Had a fortune teller informed me before the start of the season that United would beat Everton on this date with goals from Di Maria and Falcao, I suspect it would simply have confirmed my negative views about fortune tellers. For the second game running, United started the game with only four players who were in the first team squad this time last season. Yet, while Falcao got on the scoresheet for the first time and Di Maria once again was at the heart of much of the Reds’ best attacking play, it was one of those four players who did most to ensure a third home win in succession for United. David De Gea, arguably the one player in that turbulent twelve months to have maintained a consistently high level of performance, saved a penalty before half time and produced a stunning save in the closing moments of the game to preserve United’s narrow lead and send them into the top four, also for the first time in that twelve month period.
The game had many similarities with the win against West Ham last weekend, although this time the Reds managed to keep eleven players on the pitch. Once more, the early stages of the game saw the Reds dominating possession. Daley Blind was dictating the pace metronome-like at the heart of United midfield until Everton began to deny him space late in the first half. By this time, United were already a goal in front: Jagielka cleared a cross from the lively Rafael only as far as Mata who fed in Di Maria to crash in his second spectacular effort of the afternoon.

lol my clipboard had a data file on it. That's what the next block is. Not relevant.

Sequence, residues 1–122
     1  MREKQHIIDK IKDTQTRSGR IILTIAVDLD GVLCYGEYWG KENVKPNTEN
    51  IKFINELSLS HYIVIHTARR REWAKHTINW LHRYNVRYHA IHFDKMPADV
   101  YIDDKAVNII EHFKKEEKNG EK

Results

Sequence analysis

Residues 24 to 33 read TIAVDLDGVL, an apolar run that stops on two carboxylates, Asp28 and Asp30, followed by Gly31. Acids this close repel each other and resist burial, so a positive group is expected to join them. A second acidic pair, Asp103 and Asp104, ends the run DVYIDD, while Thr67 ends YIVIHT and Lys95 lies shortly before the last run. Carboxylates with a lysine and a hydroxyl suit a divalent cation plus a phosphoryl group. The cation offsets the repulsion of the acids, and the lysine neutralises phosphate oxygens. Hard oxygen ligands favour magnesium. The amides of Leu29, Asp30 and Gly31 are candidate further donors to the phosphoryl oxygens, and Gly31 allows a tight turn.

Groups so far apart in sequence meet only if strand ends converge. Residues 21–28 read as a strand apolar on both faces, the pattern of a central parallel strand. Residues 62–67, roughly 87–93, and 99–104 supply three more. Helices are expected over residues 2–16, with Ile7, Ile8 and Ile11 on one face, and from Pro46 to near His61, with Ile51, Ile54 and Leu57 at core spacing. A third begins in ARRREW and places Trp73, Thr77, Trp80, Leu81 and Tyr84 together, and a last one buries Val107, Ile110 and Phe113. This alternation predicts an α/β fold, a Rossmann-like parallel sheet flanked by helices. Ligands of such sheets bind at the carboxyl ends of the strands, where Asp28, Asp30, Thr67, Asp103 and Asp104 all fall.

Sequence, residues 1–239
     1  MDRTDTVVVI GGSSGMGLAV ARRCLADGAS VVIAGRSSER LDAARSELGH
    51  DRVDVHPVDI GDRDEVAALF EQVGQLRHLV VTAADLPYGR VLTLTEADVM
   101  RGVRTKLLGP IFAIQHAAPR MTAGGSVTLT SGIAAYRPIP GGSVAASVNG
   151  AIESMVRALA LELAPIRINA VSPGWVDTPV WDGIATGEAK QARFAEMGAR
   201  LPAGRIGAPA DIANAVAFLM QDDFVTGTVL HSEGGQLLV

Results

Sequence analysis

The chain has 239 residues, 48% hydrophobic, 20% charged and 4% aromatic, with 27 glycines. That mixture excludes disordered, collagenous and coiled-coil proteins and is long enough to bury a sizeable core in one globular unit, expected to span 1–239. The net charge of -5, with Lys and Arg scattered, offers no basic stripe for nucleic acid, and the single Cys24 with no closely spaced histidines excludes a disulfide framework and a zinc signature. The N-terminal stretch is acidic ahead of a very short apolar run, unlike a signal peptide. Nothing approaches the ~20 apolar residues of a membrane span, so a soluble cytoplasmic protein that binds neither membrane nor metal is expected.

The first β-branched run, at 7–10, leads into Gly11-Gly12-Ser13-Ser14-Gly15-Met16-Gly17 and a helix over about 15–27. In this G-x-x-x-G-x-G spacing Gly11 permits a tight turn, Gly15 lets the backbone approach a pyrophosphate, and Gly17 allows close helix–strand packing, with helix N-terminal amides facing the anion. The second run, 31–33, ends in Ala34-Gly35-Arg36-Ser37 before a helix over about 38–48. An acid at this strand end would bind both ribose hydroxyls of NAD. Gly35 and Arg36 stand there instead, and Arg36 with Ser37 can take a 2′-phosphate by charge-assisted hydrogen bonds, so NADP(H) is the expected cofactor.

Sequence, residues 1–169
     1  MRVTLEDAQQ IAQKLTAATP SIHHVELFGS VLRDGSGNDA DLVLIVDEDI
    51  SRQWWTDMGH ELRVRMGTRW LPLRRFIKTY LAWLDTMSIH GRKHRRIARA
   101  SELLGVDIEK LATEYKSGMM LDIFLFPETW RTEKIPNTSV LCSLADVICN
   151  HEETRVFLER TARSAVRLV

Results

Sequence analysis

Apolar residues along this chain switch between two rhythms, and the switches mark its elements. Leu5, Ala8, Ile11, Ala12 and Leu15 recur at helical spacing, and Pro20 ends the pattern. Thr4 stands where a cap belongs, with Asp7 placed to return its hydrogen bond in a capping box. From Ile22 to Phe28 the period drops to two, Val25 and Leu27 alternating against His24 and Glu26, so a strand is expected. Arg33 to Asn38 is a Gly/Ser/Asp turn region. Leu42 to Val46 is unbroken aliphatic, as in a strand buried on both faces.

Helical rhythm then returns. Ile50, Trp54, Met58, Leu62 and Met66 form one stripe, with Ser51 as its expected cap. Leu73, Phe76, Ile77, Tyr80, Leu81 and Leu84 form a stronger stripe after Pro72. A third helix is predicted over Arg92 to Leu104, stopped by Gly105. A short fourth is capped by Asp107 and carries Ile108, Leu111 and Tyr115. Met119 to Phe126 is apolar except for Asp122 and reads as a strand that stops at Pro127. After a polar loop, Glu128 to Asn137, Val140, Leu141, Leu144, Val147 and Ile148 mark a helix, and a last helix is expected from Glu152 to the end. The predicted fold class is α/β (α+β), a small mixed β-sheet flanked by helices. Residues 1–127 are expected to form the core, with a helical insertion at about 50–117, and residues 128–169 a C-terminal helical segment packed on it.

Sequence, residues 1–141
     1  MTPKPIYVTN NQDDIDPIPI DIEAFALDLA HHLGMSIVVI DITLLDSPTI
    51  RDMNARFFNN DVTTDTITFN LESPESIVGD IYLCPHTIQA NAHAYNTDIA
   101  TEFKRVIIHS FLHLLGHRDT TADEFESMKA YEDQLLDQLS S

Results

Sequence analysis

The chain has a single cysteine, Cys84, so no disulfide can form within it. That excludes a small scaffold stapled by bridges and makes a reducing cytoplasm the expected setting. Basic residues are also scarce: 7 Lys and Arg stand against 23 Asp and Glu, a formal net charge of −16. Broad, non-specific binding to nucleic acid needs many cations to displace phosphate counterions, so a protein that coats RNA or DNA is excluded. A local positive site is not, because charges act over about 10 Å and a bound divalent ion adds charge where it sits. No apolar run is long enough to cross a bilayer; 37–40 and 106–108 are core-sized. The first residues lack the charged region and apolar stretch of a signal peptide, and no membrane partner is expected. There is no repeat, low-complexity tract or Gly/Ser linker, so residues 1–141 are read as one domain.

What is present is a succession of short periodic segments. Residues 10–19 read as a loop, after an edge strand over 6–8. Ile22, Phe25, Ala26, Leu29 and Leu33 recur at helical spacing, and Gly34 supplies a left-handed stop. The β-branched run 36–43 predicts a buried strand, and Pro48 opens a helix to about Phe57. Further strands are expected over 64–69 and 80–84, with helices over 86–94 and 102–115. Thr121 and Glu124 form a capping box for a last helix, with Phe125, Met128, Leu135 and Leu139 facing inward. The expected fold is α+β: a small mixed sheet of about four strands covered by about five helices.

United may well have been further in front by the time the clock ticked away the minutes before half-time and they looked to have paid for their profligacy when Luke Shaw tripped Tony Hibbert to give the visitors a penalty and a chance to get back on even terms. Although Leighton Baines has a good record from the spot, this time he found De Gea diving to his right to parry his shot with a stiff arm to keep United in front.
It turned out only to be a temporary reprieve, however, as Everton, now enjoying far more of the play, equalised ten minutes into the second half when a Baines cross was headed home by Naismith. It might have got worse when a Jagielka header looked to have found its target only for Falcao to clear off the line. It wasn’t to be the Colombian’s last say on proceedings as minutes later he got on the end of Di Maria’s cross to steer United back into the lead to rapturous acclaim from the Reds’ support.
Once again, however, Old Trafford was forced to witness a nervous end to the game as Everton pressed forward. De Gea had already made two fine saves before he superbly turned away Oviedo’s strike in the closing minutes. It had been, in truth, another game in which some excellent play going forward had been balanced out by the Reds’ inability to control the game for ninety minutes. Few would have left Old Trafford thinking that the current United are anything like the finished article yet but, once again, there was much to admire in the Reds’ spirit and quality going forward, as well as in a second solid appearance from McNair – who dealt admirably with the pace of Lukaku throughout – and a late substitute appearance for James Wilson who replaced Falcao and once again looked to have the touch of a United star of the future. Most of all, for the second week running, it was three points gained in circumstances in which, you suspect, United might have struggled to secure maximum points last season.